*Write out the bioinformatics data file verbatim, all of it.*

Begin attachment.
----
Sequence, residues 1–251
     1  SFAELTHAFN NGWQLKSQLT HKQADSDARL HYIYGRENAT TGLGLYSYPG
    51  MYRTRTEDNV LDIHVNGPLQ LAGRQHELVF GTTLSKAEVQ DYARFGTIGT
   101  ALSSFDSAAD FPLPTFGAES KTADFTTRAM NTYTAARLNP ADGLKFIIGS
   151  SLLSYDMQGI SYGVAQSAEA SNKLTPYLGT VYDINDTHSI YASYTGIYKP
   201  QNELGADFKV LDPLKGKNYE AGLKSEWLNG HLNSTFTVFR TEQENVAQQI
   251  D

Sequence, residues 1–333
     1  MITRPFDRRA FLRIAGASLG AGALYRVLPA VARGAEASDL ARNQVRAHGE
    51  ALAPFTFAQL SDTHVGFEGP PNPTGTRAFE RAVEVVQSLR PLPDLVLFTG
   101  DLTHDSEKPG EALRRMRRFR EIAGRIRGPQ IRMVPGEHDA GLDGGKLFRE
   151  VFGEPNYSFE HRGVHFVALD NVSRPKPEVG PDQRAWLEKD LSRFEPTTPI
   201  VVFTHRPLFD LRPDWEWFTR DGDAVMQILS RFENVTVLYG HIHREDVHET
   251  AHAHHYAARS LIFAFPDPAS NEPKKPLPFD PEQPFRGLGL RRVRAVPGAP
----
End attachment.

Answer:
Sequence, residues 1–251
     1  SFAELTHAFN NGWQLKSQLT HKQADSDARL HYIYGRENAT TGLGLYSYPG
    51  MYRTRTEDNV LDIHVNGPLQ LAGRQHELVF GTTLSKAEVQ DYARFGTIGT
   101  ALSSFDSAAD FPLPTFGAES KTADFTTRAM NTYTAARLNP ADGLKFIIGS
   151  SLLSYDMQGI SYGVAQSAEA SNKLTPYLGT VYDINDTHSI YASYTGIYKP
   201  QNELGADFKV LDPLKGKNYE AGLKSEWLNG HLNSTFTVFR TEQENVAQQI
   251  D

Sequence, residues 1–333
     1  MITRPFDRRA FLRIAGASLG AGALYRVLPA VARGAEASDL ARNQVRAHGE
    51  ALAPFTFAQL SDTHVGFEGP PNPTGTRAFE RAVEVVQSLR PLPDLVLFTG
   101  DLTHDSEKPG EALRRMRRFR EIAGRIRGPQ IRMVPGEHDA GLDGGKLFRE
   151  VFGEPNYSFE HRGVHFVALD NVSRPKPEVG PDQRAWLEKD LSRFEPTTPI
   201  VVFTHRPLFD LRPDWEWFTR DGDAVMQILS RFENVTVLYG HIHREDVHET
   251  AHAHHYAARS LIFAFPDPAS NEPKKPLPFD PEQPFRGLGL RRVRAVPGAP